This building on Cowichan Avenue is one of four put on demolition notice by the town of Lake Cowichan.

Wrecking ball looms over derelict homes

Derelict homes: Town of Lake Cowichan making plans to demolish run-down home on South Shore Road

The Town of Lake Cowichan expects to take action soon on the first of four residential properties that have been identified as being in hazardous condition.

Joseph Fernandez, Lake Cowichan’s chief administrative officer, says they are currently looking at demolishing one derelict house on South Shore Road, as the Town moves forward with remedial orders on certain properties in Lake Cowichan.

“We’re making plans to demolish it; we’re just waiting for BC Hydro to turn off the power,” he explained Monday.

Once the Town demolishes this South Shore Road building — at the owner’s expense — it will deal with a derelict home on Cowichan Avenue next, according to Fernandez.

“We have two properties on Darnell Road and have draft reports on them, but I haven’t had a chance to review them,” he said. “That will give me an idea what to do next.”

The Town taking action against derelict homes has come about from public meetings held by council, explained Fernandez.

“This council’s had public meetings two times a year where the public had a chance to raise issues, and one of the things that kept coming up is the condition of buildings in the downtown area,” he said. “People asked what council was going to do.”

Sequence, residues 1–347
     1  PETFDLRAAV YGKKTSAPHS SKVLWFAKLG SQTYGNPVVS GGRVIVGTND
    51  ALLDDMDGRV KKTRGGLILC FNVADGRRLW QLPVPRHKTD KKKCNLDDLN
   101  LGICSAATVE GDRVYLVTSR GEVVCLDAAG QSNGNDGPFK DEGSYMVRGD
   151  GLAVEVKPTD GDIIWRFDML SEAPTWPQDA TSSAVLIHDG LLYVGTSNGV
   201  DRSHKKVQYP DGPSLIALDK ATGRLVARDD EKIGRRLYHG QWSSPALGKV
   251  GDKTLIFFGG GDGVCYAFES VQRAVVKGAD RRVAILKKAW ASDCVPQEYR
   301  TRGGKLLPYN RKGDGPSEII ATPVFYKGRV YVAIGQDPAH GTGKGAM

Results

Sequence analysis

Fernandez says people wanted the Town to remediate or demolish run-down buildings, and the Town is starting with residential properties as part of a phased process.

“There are issues dealing with safety and the fact they were major eyesores,” he explained. “Those were the issues council felt they needed to deal with.”

Fernandez says people have seen youth go into the derelict buildings on South Shore Road and Cowichan Avenue, so safety is a big issue. He says the Town also considers these run-down buildings to be eyesores.

“It doesn’t make the town look very good when we have nice buildings and others that are not,” he said.

To help address run-down buildings, council has also introduced a Revitalization Tax Exemption Bylaw through which property owners can apply to receive a tax exemption for improvements made to their property for a period up to five years, explained Fernandez.

“We’re looking at that to maybe prompt these people to update their properties,” he said.

After a public meeting in early 2012 where residents raised concerns about dilapidated buildings scattered around Lake Cowichan, council received a report from Fernandez in late May that identified four run-down properties that were being inspected and outlined steps that the Town could take to remediate them.

In his May 28 report, Fernandez noted that four properties have been inspected; owners were served notice their buildings are in hazardous condition, they are a nuisance (derelict in appearance), and that action must be taken to rectify identified problems; the property owners, whose properties are located on Cowichan Avenue, South Shore Road and Darnell Road, have 14 days to appeal the findings and 30 days to take action; and if nothing happens, the Town will demolish the buildings at the owner’s expense.

The action now being taken by the Town is the result of that report.

 

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